First they came for the street workers...

Elizabeth's picture

Thanks to Morpheus (of the NYC Alt Events list) and to Doug Henwood I have these New York Post and New York Daily News stories about the recent persecution of NYC BDSM dungeons and the political response of the pro dommes who work in them. This Daily News story details the raid on Rapture, closing it down and arresting one of its workers (who later saw prostitution charges against her dropped as long as "she stays out of trouble"). And this Post story discusses the nascent attempts of dommes to organize, hiring an attorney, beginning the process of forming a political action committee and hopefully, eventually, a union.

Unfortunately one of the arguments being made, and it is very understandable, is that "BDSM isn't the same as prostitution." From the Daily News piece: Click here to read more

"The NYPD does not know the difference between prostitution and freedom of expression," said Reeve's attorney Salvatore Strazzullo.
"There is nothing on the books that states S&M is illegal," Strazzullo said.

"The City of New York should know the difference between prostitution and a perfectly legal S&M dominatrix house," he added.

And from the Post article:

More than a dozen dominatrixes and dungeon owners have retained John Campbell, partner of the Tilem and Campbell law firm.

"This isn't like the escort industry, where there's a lot of illegality and everyone knows it," said Campbell, who also represents escort agencies. "In the BDSM [bondage, discipline, sadism and masochism] industry, virtually everyone was operating under the belief that what they were doing was legal."

The law is unclear, and this poses a major challenge to dominatrixes who want to run legal businesses but can't figure out what is and isn't allowed, said Campbell.

I am thrilled to see these workers organizing. I am excited about their political action committee and the possibility of a union. I am completely in support of their efforts to clarify the law so that BDSM, whether for pay or for free, is clearly legal. But I am dismayed by what seems to be part of the overall strategy: making the law clearer by stipulating some kinds of consensual adult sexual expression as clearly illegal is a very bad idea. It is the kind of strategy that works well in the short term but in the long term it is likely to have dangerous unintended consequences. It is tempting to say "Look, what I do is not sex, so it can't be prostitution." But if we do that we are agreeing that commercial sexual exchanges are fine to criminalize. And just how comfortable are we about letting the law define what "sex" is? Once we stipulate that a list of sexual activities, when performed between consenting adults, is illegal, that list becomes expandable as the political mood dictates. We need to be on the side of saying that no erotic exchange between consenting adults should be criminal.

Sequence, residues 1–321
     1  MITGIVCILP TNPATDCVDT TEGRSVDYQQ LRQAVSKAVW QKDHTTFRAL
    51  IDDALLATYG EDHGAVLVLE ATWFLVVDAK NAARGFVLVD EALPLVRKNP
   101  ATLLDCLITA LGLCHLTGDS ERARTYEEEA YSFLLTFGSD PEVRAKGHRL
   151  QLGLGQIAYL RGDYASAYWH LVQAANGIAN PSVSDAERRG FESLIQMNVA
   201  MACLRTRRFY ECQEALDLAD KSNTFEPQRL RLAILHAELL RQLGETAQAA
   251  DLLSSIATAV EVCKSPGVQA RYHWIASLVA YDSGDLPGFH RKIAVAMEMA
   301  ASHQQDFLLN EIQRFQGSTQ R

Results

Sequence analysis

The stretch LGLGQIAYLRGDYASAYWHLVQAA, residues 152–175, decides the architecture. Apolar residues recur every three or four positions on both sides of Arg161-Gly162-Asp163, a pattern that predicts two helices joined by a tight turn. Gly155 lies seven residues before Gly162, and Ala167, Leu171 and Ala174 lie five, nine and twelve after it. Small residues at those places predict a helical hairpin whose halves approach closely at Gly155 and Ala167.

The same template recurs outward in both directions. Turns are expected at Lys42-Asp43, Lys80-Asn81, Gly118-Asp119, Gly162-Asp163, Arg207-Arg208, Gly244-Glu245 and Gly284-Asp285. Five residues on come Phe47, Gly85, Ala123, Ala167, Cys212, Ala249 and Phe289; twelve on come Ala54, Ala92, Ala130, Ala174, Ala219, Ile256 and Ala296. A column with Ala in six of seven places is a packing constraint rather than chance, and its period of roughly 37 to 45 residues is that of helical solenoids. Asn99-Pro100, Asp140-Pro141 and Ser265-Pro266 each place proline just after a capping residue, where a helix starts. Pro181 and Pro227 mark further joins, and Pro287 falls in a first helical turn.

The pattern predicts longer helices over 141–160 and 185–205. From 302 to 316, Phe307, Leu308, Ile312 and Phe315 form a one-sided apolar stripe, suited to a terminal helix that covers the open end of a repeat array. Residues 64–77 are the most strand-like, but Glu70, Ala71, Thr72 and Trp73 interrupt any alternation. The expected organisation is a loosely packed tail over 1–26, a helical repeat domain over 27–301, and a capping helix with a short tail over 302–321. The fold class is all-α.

If we don't stand up for each other, all of us who engage in sexual expression that is stigmatized or criminalized, all of us who engage in sexual exchange outside of socially-sanctioned relationships, we are, all of us, sunk. At the risk of appearing to trivialize what I think is one of the most profound statements about why we need solidarity, let me offer you this:

First they came for the street workers, and I didn't speak up because I wasn't a street worker.
Then they came for the escorts, and I didn't speak up because I wasn't an escort.

And in some places they came for the clients, and I didn't speak up because that seemed more "feminist" than coming for the women who serve them.

Then they came for the pro dommes, and I didn't speak up because I don't whip people for pay.

Then they came for the phone sex operators, and I didn't speak up because I don't talk dirty for money.

Then they came for the swingers clubs and SM dungeons, and I didn't speak up because I don't visit those places.

And then they came for the private suburban sex parties...

You see where this is going.

When marginalized groups fight amongst themselves the dominant groups get their way. Every time. And as long as the dominant group is operating under erotophobic and antisexual values, none of us is safe. We can't afford to fight with each other over what kinds of consensual sexual expression are okay.

Some people have of course been speaking up for a long time. Many many many of them, working to unite people across various sexual communities. These people, and the organizations they create, are role models for the rest of us trying to find our voices. But none of us can afford to remain silent, and none of us can afford to say that our preferred kinky sexual expression should be legal while the rest its okay to criminalize.

Prostitution is sexual expression. We can't scapegoat or sacrifice the prostitutes in our attempts to achieve sexual freedom for ourselves.


...because public space really matters!


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